The next, and perhaps the biggest influence in the creation of the book, was Awful Doctor Orloff, who was, himself, influenced by Dr. Génessier, the mad scientist extraordinaire of Georges Franju’s French fright-fest, Les Yeux Sans Visage (aka, Eyes Without a Face). More on that later. Italian director Jess Franco was always very upfront about the powerful influence he took from Eyes Without a Face to create his own version of the French classic, though most people consider Orloff Eurotrash of the lowest common denominator.
They aren’t wrong. Orloff is trash, but its the kind of trash you come to love and develop a taste for. It’s surprisingly fun and even artsy with its bleak, almost pitch-black set pieces, trundling, disjointed soundtrack, and rabid, shameless nudity. Women are captured, tortured and openly defaced in Orloff’s blind obsession to fix his daughter’s face, while his disfigured, face-biting, almost wind-up-toy-like assistant Morpho helps out–or only makes a bigger mess of things than they already are. The movie is messy and disgusting. It makes little sense, yet it put Jess Franco on the map as one of the more famous trash-movie directors. It’s the kind of movie your mother warned you never to go out with because it can only do you wrong, but you’ll love every moment of it even as its screwing you over.
Dr. Orloff and Dr. Génessier are flip-sides of the same dark coin. Both men are in the business of stealing girls’ faces in their mad attempts to right the wrongs they themselves have inflicted upon the women in their lives. In that sense, their purposes are almost noble. However, much like Dr. Victor Frankenstein, their moral compasses were broken a long time ago–and, at least in Dr. Orloff’s case, he really does seem to get off on the work, whereas Dr. Génessier goes about his job with a kind of plodding disgust as he attempts to fix his daughter’s apparently un-fixable face, angry as much with himself as the rest of the world.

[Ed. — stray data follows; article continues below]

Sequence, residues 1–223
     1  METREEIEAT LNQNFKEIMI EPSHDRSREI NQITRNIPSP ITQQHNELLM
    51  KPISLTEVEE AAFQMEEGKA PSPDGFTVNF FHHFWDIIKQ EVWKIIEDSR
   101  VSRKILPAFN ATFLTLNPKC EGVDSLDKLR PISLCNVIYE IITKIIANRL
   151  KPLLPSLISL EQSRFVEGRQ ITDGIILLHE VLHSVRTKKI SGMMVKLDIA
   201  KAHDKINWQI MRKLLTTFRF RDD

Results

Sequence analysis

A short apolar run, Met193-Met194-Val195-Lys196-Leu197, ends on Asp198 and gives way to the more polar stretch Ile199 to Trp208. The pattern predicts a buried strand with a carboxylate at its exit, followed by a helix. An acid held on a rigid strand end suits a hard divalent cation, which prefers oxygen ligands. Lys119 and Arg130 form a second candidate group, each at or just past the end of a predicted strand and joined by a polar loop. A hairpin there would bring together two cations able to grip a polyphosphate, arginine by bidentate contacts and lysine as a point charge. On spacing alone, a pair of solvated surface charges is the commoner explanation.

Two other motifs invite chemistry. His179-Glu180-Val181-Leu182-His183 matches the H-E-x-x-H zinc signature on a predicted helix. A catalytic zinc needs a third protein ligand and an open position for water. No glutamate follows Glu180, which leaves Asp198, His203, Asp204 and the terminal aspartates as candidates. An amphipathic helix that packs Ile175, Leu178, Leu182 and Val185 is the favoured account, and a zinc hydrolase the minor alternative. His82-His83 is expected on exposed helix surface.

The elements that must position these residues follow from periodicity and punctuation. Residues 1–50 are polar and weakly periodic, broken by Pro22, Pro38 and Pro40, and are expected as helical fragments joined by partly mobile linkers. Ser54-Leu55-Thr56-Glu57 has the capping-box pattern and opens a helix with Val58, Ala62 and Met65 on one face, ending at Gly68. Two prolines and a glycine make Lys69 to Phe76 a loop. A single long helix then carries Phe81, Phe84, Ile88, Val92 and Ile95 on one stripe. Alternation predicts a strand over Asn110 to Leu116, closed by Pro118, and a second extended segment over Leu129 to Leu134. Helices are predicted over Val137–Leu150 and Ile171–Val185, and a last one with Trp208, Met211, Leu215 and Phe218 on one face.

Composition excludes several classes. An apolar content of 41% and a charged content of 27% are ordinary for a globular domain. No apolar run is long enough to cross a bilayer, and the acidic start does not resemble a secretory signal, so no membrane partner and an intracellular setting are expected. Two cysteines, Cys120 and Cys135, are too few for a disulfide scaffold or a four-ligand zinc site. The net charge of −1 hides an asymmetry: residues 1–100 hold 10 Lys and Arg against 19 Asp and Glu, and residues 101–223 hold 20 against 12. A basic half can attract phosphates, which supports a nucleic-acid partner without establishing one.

Which brings us to Eyes Without a Face, a movie that actually does attempt–and succeed–in being artsy and fascinating to watch for reasons other than the obvious gore. In fact, there is remarkably little gore in the movie, aside from one face-peeling scent which, considering the special effects of the day, doesn’t exactly come off as particularly convincing. At its roots, Eyes Without a Face isn’t a horror movie so much as a morality play. Dr. Génessier, unlike Orloff or Phibes, isn’t a tall, suave, frightening man. He’s a sad, bearish oaf more likely to remind you of your drunken Uncle Jack than a mad scientist.He’s trying to do the right thing and failing horribly while his daughter, played by the ethereal Edith Scob, floats specter-like around his vast manse, caring for the animals her father routinely tortures in an attempt to defeat tissue rejection and periodically calling her ex-finance on the phone to silently listen to his voice for a few seconds before hanging up. She knows she cannot be with him until her father has fixed her face, and now she’s also part of his ongoing murder machine, so what future do they really have anyway?
And yes, before you ask, the Billy Idol song was, in fact, influenced by the movie, particularly if you pay attention to the lyrics: